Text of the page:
This volume focuses on the relation between theory and description by examining aspects of transitivity in different languages. Transitivity - or case grammar, to use the popular term - has always occupied a centre-stage position in linguistics, not least because of its supposedly privileged relation to states of affairs in the real world. Using a systemic functional perspective, the ten papers in this volume make a contribution to this scholarship by focusing on the transitivity patterns in language as the expression of the experiential metafunction. Through a study of different languages - English, Dutch, German, Finnish, Chinese and Pitjantjatjara - the contributors provide functional descriptions of the various categories of process, their participants and circumstances, including phenomena such as di-transitivity, causativity, the get-passive, etc. With the relation between theories and descriptions running through the ten chapters of this volume as sometimes an overt and sometimes a covert theme, the chapters point to the nature of the linguistic fact which is linked ineluctably on the one hand to the nature of the theory and on the other to the speakers' experience of the world in which they live.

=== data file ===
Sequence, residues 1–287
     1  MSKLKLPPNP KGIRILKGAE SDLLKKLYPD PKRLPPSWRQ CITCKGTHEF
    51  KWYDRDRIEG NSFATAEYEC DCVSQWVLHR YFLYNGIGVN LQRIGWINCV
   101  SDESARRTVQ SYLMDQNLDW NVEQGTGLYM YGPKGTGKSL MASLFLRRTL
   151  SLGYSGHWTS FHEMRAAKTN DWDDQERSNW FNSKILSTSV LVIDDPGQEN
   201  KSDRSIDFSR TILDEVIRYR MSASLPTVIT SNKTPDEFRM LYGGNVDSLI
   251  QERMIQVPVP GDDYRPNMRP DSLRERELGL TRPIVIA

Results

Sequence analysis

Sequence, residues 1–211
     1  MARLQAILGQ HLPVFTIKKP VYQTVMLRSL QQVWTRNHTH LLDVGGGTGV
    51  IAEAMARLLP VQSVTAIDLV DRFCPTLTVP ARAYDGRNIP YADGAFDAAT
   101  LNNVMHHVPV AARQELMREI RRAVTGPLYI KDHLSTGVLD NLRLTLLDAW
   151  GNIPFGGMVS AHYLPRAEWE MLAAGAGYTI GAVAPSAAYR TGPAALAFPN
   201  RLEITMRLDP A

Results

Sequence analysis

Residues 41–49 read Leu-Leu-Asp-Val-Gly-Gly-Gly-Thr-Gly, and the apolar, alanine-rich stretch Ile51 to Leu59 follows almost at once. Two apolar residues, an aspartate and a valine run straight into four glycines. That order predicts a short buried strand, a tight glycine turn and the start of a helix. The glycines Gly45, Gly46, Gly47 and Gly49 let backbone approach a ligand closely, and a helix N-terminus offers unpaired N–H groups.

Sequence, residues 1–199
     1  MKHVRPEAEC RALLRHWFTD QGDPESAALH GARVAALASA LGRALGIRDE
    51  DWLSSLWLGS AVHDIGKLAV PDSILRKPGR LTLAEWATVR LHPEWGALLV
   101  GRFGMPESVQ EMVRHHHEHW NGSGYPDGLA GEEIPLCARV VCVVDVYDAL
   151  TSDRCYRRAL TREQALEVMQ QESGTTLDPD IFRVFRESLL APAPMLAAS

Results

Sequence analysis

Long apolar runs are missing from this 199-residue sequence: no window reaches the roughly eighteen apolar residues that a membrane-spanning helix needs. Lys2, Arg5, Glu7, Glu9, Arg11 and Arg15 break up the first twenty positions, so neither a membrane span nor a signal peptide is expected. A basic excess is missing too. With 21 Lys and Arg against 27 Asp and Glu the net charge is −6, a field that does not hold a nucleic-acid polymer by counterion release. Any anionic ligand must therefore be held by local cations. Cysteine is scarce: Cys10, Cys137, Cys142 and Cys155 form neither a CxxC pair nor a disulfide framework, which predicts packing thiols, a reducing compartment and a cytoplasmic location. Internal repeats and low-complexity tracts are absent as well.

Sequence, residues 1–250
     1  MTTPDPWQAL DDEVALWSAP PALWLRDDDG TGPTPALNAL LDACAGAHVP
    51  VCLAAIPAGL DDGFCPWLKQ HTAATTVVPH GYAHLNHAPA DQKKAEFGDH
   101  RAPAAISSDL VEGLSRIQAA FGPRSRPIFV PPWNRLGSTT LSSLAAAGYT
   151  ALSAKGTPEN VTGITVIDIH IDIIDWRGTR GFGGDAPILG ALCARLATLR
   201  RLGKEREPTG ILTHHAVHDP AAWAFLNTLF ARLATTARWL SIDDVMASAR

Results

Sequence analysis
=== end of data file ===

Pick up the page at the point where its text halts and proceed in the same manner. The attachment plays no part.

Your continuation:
The majority of papers included in the volume derive from the 19th International Systemic Functional Congress at Macquarie University.
1. About the Authors; 2. Theories, Maps and Descriptions: An Introduction; 3. On Grammar and Grammatics (by Halliday, M.A.K.); 4. On the Idea of Theory-neutral Descriptions (by Matthiessen, Christian M.I.M.); 5. Ditransitivity and Possession (by Davidse, Kristin); 6. So Grammarians Haven't the Faintest Idea?: Reconciling grammar and lexis in a systemic functional model of language (by Tucker, Gordon H.); 7. The Semantics of Get-passives (by Downing, Angela); 8. Causation in Dutch and French: Interpersonal aspects (by Degand, Liesbeth); 9. Process Types in Finnish: Implicate order, covert categories, and prototypes (by Shore, Susanna); 10. The Complement in Chinese Grammar: A functional reinterpretation (by McDonald, Edward); 11. Pitjantjatjara Processes: An Australian experiential grammar (by Rose, David); 12. Metalinguistic Diversity: The case from case (by Martin, J.R.)